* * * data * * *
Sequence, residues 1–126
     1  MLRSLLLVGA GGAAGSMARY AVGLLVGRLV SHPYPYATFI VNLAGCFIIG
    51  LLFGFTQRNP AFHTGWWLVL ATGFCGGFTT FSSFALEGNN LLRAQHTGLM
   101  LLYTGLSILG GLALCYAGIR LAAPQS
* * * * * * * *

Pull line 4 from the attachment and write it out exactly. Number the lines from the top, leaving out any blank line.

   101  LLYTGLSILG GLALCYAGIR LAAPQS